This past weekend I went to Las Vegas. The trip commemorated a friend’s 21st birthday. I normally hate Vegas (drinking, gambling, clubs all disagree with me). This trip however, was extremely fun! I realized the success of this adventure was because of my crew of friends. They are all intelligent, low maintenance, fun people. But, they are ALL conservative.

I am a fervent liberal, and proud. I can understand (though I disagree with) fiscal conservatives. Personally, I think trickle-down economic theories are a joke, but hey, whatever floats your boat. What I can’t stand however, are social conservatives. Especially ones my age. Get a clue.

However, I rarely encounter young social conservatives. During the car ride back from Las Vegas we entered into a fairly animated political discussion. It was intelligent and respectful. We surprisingly had a lot in common.

Don’t get me wrong, they HATE Obama. They HATE Obamacare. Sure, they give Obama some credit for increasing our international standing, but after the Bush years…

GWB or a Baby? You decide…

a toddler could have enhanced the perception of America on the world stage. But, these young men aren’t against Gay Marriage. They aren’t anti-abortion either. If anything, they wish their party would let go of its antiquated social views. However, my friends vote along with their fiscal beliefs.

After the argument peaked and calmed, we began to discover our common ground. The common ground lay in apathy. None of us have any faith in either party. Sure, I’ll vote for Obama, and they for Romney, but we do not have faith in either (or congress for that matter) to positively influence our domestic society in drastic ways.

Same Joke, Different Party

As we began to digress into a religious discussion, we began to find even more common ground. My friends (who strongly identify as Christian) and I, a proud cultural Jew… don’t really care. We agree that religion does good for society by setting a high moral standard. We also agree that after thousands of religions have come and gone, it takes an extremely conceited opinion to think yours is the “one true faith,” with the “one true god.”

2000 years ago, the Greeks and Romans were “sure” of their polytheistic faith. Now, we laugh at them…. 2000 years from now Humans may be laughing at Christianity and Judaism… why would we be any different?

Finding such a large common ground with my different ideologically-minded contemporaries was comforting. We’re apathetic. We have lost faith in the magic of American society. Despite our different backgrounds we had such similar opinions. Politics? Joke. Religion? Joke. The beautiful part came at the end: we all share a huge amount of pride in both America and Humanity. We believe in human beings, flaws and all.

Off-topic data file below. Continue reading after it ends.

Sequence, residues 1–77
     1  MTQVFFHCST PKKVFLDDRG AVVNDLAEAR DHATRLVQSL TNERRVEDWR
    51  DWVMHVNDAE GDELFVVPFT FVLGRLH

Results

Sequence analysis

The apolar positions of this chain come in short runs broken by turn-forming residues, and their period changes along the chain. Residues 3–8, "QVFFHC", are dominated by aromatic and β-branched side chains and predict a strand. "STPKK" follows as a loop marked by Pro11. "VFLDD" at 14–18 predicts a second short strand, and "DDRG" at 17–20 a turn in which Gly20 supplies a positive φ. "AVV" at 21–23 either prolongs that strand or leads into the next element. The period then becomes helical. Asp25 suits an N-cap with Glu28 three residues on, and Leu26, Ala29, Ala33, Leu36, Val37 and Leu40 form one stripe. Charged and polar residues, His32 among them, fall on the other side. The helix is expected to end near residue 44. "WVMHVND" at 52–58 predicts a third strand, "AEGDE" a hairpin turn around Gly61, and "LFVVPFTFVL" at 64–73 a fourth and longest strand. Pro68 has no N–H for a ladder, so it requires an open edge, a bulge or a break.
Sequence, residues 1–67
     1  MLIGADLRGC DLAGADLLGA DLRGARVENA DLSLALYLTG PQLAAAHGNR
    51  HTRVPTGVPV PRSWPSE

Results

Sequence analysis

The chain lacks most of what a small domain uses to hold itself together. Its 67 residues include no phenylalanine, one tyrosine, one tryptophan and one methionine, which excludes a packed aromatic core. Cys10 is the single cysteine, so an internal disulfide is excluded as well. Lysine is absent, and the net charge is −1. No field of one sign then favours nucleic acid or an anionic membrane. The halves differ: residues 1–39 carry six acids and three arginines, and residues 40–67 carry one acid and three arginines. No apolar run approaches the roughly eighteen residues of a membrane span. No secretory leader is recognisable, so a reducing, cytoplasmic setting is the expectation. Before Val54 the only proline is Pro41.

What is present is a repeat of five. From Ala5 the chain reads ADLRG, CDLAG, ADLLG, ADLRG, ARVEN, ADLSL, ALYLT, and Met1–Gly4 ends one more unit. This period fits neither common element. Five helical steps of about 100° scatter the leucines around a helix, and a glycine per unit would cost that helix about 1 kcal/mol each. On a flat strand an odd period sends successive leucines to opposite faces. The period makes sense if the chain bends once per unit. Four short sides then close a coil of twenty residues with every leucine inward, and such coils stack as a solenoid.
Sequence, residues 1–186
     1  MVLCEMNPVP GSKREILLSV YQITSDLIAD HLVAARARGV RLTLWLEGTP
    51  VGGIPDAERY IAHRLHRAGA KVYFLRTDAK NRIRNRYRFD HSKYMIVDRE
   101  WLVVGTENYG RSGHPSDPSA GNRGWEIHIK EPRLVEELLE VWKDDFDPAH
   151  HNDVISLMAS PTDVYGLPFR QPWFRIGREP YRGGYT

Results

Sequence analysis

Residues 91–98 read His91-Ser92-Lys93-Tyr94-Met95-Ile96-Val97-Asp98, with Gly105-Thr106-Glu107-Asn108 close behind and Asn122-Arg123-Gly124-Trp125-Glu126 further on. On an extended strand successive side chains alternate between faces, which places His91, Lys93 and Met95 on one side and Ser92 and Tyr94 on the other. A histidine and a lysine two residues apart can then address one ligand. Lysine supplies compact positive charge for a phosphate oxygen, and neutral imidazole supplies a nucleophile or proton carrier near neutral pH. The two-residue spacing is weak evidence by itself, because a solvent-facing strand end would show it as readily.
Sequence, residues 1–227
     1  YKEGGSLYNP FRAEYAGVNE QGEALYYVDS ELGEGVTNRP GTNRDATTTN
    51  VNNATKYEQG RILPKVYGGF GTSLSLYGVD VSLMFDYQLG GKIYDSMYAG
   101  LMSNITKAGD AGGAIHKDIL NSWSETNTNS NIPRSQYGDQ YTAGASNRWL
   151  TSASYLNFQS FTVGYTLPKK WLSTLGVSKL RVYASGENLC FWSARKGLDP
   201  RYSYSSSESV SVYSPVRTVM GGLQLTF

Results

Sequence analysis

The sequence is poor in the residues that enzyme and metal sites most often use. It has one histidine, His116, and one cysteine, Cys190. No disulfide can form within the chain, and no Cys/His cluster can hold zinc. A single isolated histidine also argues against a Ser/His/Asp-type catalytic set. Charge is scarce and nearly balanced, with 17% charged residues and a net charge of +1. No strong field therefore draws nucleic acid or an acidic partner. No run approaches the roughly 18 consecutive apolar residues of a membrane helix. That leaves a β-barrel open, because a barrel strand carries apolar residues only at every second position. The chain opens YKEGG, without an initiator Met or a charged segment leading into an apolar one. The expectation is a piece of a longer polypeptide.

It is common for the youthful generation to be rebellious. It is common for them to embrace counterculture. BUT, with the connective fiber that now runs though society in the form of the Internet, this embrace of counterculture is different than ever before. Society is becoming participatory AND transparent simultaneously. We the people have access to instantaneous truths and information, while we can also create and share with communities in ways never before possible. Physical geography is becoming irrelevant. Are many of the other mainstays of society becoming outdated and irrelevant as well? Perhaps religion in its current form? Perhaps government in its current form? I believe so.

I am incredibly excited for my generation to continue assuming more power in society. Hopefully, with it will come great change. Being surrounded by such intelligent and forward thinking individuals is a blessing. The future holds many great things.

That is what I left Vegas thinking. And that is why it was a great weekend.

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Olympic Sponsorships: Taking Advantage of Users (When Will They Learn?)

When Will They Learn?

The most basic fact of the Internet Age: everyone has a voice. Hence, when you screw someone over, they publicize about it.

One such occurrence happened quite recently at the Olympics. One of the major sponsors of the Olympic games is Visa. Evidently, the sponsorship agreement included an exclusivity clause for all olympic venues.

You could only use a visa card at Olympic Venues.

When Will They Learn?

The world is transparent now. EVERYONE has instant access to information. The way to get attain good publicity for your company/brand is not to limit your patrons (or force them into acquiring your service, like those attending the games w/out a visa card). The route to more users of your service is to EMPOWER THEM. Create a service so great that you don’t have to force it on anyone. Create a product so great that users sing its praises and brag about it to their friends.

All this exclusivity move did was embitter people towards Visa, especially those who beforehand did not have a Visa card. What convenience did the exclusivity add for patrons? What problem did it solve?

Don’t force consumers to use your service. Make it so great that they want to use it. That’s the future. Especially in the hyper-competitive world of payments.

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App.net Fundraising = Success

Just wanted to quickly share how thrilled and enthused I am by APP.net’s funding!!! I truly believe this is just the beginning. Premium consumer internet services should not be ad-supported. Simply put, having an ad-supported product misaligns the motivations of the company and the desires of their users. The reason? Because the company’s clients become advertisers, NOT USERS. When users are the client, NOT THE PRODUCT, user experience becomes the top priority. And in consumer Internet, that’s the way it should be. 


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Product vs. Platform… App.net

I leave tomorrow for 3 Days in Las Vegas (woohooo I hate las vegas!!!….Seriously. Scroll past the article, I’ll explain) but I wanted to churn out this post before I left. By the time I return, App.net‘s funding campaign will have concluded. At that point, we will know whether or not Dalton Caldwell’s brilliant proposal will have succeeded or failed. I have personally supported the project and believe in its values. I also believe in Dalton (without personally knowing him) as he spent many years trying to bring innovation into the music business (which I care deeply about) in the form of Imeem. Twitter’s Platform decisions have been written about all over the web, by people more intelligent than me. Still, I wanted to chime in with my own opinions before the funding deadline is reached.